In science, it’s best to be good, but sometimes it’s better to be lucky.
Owen Sexton discusses his research on snakes at conservation areas and what needs to be done to preserve the population in these areas.
Ecologist Owen Sexton, professor emeritus of biology in Arts & Sciences at Washington University in St. Louis, had just completed a census of snakes at a conservation preserve northwest of St. Louis, when the great flood of 1993 deluged the area, putting the preserve at least 15 feet under water.
The flood provided Sexton with a rare opportunity: His collected data and the flood would combine to make “the perfect study” of how an area rebounds from natural disaster.
He went back the following year and found that the flood had displaced or killed 70 percent of the pre-flood population of five snake species, and either eliminated the populations of three other species found there, or left the populations so low that they could not be detected.
Key to survival? Size. It matters to a snake when floodwaters roar through the environment. The bigger the snake, the better chance for survival, Sexton found, and arboreal species — those that hang out in trees — fared better than (surprise) aquatic ones.
Creating a natural lifeboat
Sexton proposes that “islands” of displaced soil be constructed at various locales in the conservation area that would serve as sanctuaries during subsequent floods. Such a natural “lifeboat” would serve as a temporary shelter for members of resident species of snakes and other fauna, as well as a landfall for resident and non-resident species swept down from upstream.
Sexton’s findings were published in the Natural Areas Journal, Vol. 27 (2), 2007. The work was supported by the Missouri Department of Conservation.
Often forgotten is that the flood of 1995 also involved both the Mississippi and Missouri rivers. The flood halted Sexton’s pursuit of data, but he went back in 1996 and gathered data, and also in 2000.
Tale of three serendipities
Marais Temps Clair, in St. Charles County, Mo., is a 900-acre reconstructed marsh comprised of pools surrounded by levees. It serves primarily as habitat for migratory and residential birds and for recreations such as hunting, fishing, hiking and bird watching. The preserve lies slightly upstream of the convergence of the Missouri and Mississippi rivers. It is managed by the Missouri Department of Conservation, which, in 1990, sought out Sexton, a noted herpetologist, and asked him to try to find evidence for the presence of the fox snake at Marais Temps Clair, a northern species not known then to exist as far south as Marais Temps Clair.
Sexton found a fox snake sunning itself in the field on the very first day of this endeavor, but that was just the start of the serendipity. Because he and his colleagues, statistician Judith Bramble, Ph.D., of the Environmental Science Program at DePaul University in Chicago, Wayne Drda, field research manager of the Rattlesnake Project at Washington University’s Tyson Research Center and Kenneth G. Sexton, a herpetologist and field assistant at the Tyson Research Station, already had placed numerous “hide boards” about Marais Temps Clair, they decided to broaden their reach and census the whole place. Hide boards are plywood sheets about 3′ by 3′ under which snakes take refuge from predators and inclement weather. You lift the board and frequently find a snake. The other method they used to identify snakes was simply to handpick them in the field to determine the species.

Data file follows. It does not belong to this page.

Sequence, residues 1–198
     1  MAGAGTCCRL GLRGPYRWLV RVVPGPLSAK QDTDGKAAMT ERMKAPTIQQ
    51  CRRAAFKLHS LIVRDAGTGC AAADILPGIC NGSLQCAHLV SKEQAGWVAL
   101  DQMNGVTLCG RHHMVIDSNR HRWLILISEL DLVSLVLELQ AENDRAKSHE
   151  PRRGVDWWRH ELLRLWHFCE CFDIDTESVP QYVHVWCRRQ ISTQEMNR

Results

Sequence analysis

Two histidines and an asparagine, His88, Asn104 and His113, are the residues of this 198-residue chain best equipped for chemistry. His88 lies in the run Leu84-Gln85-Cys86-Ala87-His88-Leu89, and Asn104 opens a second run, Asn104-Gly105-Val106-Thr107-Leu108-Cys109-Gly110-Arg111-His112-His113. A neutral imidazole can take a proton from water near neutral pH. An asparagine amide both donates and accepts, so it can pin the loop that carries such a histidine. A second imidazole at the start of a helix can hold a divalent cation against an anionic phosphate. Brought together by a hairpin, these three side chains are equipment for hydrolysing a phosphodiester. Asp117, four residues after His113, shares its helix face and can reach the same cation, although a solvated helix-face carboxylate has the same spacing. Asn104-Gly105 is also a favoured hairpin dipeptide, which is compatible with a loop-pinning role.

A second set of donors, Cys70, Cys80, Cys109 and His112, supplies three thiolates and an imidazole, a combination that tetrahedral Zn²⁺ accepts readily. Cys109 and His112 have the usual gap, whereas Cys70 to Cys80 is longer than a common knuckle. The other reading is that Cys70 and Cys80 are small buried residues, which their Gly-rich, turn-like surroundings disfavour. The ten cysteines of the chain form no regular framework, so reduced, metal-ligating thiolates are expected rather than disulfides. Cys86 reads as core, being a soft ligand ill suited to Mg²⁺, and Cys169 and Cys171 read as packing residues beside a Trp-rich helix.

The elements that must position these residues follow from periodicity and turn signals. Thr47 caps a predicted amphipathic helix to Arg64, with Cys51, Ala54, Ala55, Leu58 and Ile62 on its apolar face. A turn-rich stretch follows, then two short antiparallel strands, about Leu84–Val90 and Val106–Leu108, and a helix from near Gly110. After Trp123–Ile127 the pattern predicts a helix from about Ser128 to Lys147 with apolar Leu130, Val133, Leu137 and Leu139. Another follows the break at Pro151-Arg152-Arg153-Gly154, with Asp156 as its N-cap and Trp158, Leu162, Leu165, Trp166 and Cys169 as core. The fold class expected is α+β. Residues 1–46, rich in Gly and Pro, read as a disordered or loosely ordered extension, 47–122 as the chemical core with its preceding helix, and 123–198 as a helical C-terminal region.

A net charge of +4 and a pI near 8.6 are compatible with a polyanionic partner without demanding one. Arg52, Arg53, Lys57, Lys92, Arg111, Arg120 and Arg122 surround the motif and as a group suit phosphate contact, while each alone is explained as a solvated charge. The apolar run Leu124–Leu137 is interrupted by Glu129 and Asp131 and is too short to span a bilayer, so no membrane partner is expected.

Twenty-three snake species occur or have occurred in St. Charles County, and Sexton and colleagues figured that their data would reflect that number. One week before floodwaters spilled into Marais Temps Clair, they stopped gathering data.
The flood was another turn of serendipity.
“An ecologist can go several lifetimes and not experience a flood on the scale of those of 1993 and 1995,” Sexton said. “I saw the flood as unfortunate, on the one hand, but it presented a wonderful way to see the impacts on snake populations.”
The eight species present puzzled Sexton and his colleagues, given a richer panorama in the county.
Islands in a sea of development
“In retrospect, it became clear that floods over the centuries must have had a huge impact on species diversity there,” Sexton said, adding that the “island effect” also plays a role. That is the situation most natural areas, including Yellowstone Park, contend with: They are islands in a sea of development on every side, thus limiting, if not eliminating, the migration of non-resident species to a site.
The third serendipity came about a few months after the 1993 flood waters receded. Sexton heard of a farmer upstream of Marais Temps Clair whose house and farmyard did not suffer flooding but had been completely surrounded by floodwater. The farmer removed 200 garter snakes alone that year found in his yard, machines, sheds and implements, and released them in safe areas.
The following year Sexton and his colleagues visited the farm and removed 55 snakes, three species of which they had not found at Marais Temps Clair, strong proof that they were displaced there by the flood. The evidence gave Sexton the idea of having a sanctuary for snakes and other species to wait out a flood. They would be like islands in a stream.
“Think of it, to escape a flood, any kind of high ground can save lives,” Sexton said. “When you see all the soil that is moved to make a road, to build homes and malls, you think the soil has to be dispersed some place. If we could get a program together to reward contractors to bring that excess soil to flood-prone refuges such as Marais Temps Clair and pile up several mounds of earth that would be at least 15 feet above the top of the levees, we’d allow more snakes and other species to survive future major floods and keep healthy populations at Marais Temps Clair.
“I think of it as a win-win situation.”